Choosing the Perfect Training Partner

February 25, 2014

 

Training partners can be worth their weight in goal. They can be the force that gets you out the door on those wet and cold mornings, the competition to push yourself harder than normal in your intervals, the safety net when taking on those big missions, along with the support and camaraderie needed to get through a long build up. On the other hand training partners can be your undoing. Turning every session into a race, knocking your confidence through underhand 'joking' comments, slowing you down or turning your session in to a gossip fest rather than an interval set.

 

5 steps to choosing the perfect training partner

 

1) Motives:

It is important that you and your training partner are on the same page so both of you can get the best results out of your training. This includes outlining your long term goals as well as your sessions aims. Some people are happy to 'tag along' on another person's specific training session. I would suggest however if you have a specific training programme designed for you then it is important that you complete your sessions and not let your training partner throw you off course.  If they want to 'tag along' with your session, then that's fine. But if they have a different session then it is often possible to perform your different sessions alongside each other or it might be in everyone's best interest to meet up at the start of the session and then go your separate ways before coming back together at the end of the session for a catch up. The bottom line is to always put YOUR goals first and make sure you tick off YOUR training sessions.

 

2) Look outside your race:

It can be really beneficial to train with athletes from outside of your target race. This removes any competition between each other, so you are more likely to mutually support each other and give up your egos for the greater good. This works particularly well when athletes are competing in the same event but in different sections, grades or age groups.

 

3) Look outside your sport:

If you are a triathlete or multisporter, then training with athletes who compete in single discipline sports can be really useful. Riding with cyclists is a great way to develop your biking handling skills and learn some underhand roadie tactics. Paddling with K1 paddlers will boost your technique, extend your limits and show you what it is like to push hard in a boat. I personally think swim and run squad's are a huge benefit for triathletes and mutlisporters. Most of the time triathletes and multisporters just get out and run. If you immerse yourself in a good squad of 'pure' athletes you will soon find this is just a small part of what they do. Stretching, range work, technique drills, activation exercises and pacing work are all things that are not in many triathletes and multisporters training vocabulary but are regularly included in running squads. Once you get a look at how the other side lives you will take you training to a new level.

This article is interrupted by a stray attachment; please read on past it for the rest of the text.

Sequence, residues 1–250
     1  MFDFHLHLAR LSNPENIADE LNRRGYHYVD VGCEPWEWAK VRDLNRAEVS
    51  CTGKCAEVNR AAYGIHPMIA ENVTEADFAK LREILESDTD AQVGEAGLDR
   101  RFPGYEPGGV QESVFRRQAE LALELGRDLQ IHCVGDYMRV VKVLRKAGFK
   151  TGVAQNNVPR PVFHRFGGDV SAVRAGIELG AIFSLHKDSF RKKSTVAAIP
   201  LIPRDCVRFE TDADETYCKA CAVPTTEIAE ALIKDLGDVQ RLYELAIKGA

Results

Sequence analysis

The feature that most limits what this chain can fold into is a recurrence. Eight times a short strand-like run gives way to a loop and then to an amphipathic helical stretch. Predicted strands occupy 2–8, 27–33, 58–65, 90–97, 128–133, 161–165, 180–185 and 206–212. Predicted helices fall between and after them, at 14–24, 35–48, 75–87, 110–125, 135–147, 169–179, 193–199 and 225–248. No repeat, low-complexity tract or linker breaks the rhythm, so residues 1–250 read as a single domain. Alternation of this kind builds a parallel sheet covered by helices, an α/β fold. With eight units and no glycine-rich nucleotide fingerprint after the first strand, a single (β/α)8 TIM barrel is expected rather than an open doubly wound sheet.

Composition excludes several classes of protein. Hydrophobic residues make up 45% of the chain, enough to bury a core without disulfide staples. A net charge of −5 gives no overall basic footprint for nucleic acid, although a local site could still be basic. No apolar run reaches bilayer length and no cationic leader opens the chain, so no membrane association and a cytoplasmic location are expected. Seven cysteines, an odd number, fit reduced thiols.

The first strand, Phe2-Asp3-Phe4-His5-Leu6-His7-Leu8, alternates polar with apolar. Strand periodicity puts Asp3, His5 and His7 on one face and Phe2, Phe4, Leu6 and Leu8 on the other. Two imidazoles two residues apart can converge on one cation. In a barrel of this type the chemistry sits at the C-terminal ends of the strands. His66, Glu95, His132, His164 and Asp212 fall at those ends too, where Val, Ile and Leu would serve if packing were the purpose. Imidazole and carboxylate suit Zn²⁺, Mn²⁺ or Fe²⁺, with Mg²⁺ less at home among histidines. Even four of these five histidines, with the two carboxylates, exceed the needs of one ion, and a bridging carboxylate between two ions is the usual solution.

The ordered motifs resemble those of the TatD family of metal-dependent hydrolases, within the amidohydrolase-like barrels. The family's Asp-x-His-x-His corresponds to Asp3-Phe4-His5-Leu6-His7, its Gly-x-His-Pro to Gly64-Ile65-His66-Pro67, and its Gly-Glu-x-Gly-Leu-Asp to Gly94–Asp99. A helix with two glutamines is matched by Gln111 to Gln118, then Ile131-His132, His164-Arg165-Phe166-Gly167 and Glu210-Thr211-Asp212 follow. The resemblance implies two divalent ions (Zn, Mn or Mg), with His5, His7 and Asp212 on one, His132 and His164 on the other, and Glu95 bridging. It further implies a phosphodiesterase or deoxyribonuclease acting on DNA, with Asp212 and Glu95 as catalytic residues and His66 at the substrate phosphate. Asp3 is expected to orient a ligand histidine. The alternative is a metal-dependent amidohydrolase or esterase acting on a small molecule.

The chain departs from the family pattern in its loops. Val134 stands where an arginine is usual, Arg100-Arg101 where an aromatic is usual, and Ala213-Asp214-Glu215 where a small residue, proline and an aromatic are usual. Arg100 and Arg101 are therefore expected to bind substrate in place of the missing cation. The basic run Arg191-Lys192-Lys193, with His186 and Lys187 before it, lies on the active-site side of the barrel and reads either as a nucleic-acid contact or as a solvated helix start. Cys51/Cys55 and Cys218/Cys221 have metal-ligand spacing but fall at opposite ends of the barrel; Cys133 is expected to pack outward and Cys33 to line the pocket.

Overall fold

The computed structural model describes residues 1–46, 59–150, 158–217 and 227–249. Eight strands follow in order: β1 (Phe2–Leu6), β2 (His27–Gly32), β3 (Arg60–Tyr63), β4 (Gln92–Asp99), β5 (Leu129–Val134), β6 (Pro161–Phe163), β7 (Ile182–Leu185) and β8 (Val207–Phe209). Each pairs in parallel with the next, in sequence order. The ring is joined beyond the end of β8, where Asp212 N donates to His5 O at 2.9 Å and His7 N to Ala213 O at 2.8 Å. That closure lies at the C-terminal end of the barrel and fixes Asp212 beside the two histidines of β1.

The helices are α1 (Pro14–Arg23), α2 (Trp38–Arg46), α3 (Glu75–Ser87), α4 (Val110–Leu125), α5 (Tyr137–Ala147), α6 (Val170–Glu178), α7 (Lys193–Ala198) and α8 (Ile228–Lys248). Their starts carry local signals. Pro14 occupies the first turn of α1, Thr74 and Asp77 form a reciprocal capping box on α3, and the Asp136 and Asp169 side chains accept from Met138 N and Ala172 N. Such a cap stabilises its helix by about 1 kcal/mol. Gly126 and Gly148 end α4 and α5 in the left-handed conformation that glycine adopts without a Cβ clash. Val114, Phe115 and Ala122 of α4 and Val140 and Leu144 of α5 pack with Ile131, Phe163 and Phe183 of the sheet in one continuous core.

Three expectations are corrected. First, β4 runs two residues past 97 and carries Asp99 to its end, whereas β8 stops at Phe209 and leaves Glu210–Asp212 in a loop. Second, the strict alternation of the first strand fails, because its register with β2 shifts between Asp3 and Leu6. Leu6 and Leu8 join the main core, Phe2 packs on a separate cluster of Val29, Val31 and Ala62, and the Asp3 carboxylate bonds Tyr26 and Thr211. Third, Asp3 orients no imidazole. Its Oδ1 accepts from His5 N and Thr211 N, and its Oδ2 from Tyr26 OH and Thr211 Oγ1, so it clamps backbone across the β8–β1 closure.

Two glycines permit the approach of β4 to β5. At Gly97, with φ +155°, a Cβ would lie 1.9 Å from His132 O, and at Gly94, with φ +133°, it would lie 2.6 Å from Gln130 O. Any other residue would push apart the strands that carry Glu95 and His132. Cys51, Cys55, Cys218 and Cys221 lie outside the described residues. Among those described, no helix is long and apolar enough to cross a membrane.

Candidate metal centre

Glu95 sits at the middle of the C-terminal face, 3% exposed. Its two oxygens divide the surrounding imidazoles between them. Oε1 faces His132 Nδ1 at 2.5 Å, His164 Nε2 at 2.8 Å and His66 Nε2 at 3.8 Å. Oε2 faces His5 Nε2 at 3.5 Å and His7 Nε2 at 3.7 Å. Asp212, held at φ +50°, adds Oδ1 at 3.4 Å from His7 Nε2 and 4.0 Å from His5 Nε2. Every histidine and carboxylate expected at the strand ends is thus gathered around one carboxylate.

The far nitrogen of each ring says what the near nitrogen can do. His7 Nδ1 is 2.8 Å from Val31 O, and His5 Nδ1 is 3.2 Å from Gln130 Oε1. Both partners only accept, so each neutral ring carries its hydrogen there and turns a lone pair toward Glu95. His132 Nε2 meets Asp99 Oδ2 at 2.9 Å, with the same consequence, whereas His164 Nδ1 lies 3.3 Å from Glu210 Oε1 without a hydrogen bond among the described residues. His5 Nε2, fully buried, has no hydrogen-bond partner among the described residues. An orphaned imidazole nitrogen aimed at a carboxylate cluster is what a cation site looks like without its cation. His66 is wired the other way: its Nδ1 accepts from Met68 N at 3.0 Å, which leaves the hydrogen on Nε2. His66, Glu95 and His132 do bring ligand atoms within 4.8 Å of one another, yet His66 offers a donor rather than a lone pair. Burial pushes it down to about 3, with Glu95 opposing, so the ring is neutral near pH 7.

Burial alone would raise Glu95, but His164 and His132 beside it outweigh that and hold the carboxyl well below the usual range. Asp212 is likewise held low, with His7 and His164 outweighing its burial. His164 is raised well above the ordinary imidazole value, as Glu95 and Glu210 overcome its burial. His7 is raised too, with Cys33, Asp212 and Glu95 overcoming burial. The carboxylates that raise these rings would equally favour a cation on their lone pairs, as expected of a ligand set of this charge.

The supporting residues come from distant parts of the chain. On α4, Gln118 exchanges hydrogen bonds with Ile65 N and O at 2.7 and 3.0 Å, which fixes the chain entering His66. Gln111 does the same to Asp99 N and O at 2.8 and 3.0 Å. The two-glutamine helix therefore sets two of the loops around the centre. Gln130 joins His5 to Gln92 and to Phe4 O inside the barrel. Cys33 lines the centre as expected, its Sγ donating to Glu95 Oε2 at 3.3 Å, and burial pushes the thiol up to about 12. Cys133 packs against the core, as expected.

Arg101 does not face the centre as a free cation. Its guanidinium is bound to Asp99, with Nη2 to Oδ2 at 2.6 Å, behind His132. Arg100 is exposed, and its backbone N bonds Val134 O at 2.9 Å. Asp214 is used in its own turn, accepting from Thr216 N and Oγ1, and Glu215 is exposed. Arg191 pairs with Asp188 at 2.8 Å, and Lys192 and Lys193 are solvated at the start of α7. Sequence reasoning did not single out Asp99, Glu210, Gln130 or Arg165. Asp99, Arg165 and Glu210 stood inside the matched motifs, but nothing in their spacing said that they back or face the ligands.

4) Better than you:

At certain times it is extremely beneficial to train with other who are better than you. Whether it is for them to push you harder than normal in interval sets, learn specific tips and tricks from or keep you safe in risky situations such as long river paddles or back country missions. Some people find it hard to train with others who are better than them as they are self-conscious about their ability and holding up/slowing down other people. As long as everyone is on the same page about this then it should not be an issue and you will take your performance to a new level.

 

5) Worse than you:

At times it is very effective to train with others who are worse or slower than you. Active recovery sessions are ideal times to train with someone who is slower than you. Friends, partners or children are ideal training partners during some sessions. They help you resist the urge to push out of your recovery zone as well as it allows you to spend time with others who you may not normally get to during training. Training with someone who is not as technically good as you is a way for you to consciously think about your technique as you take more of a coaching/ teaching role during the session.

 

 

So there you have it. When you are next looking through your contacts thinking about who you are going to train with tomorrow think about who would be the best person to call so that you get the best value out of your session. 

 

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If you have any questions or would like help taking your performance to the next level please contact Matty Graham below.

 

exponential.performance@gmail.com

0273841127

 

Lake Hawea

NZ

 

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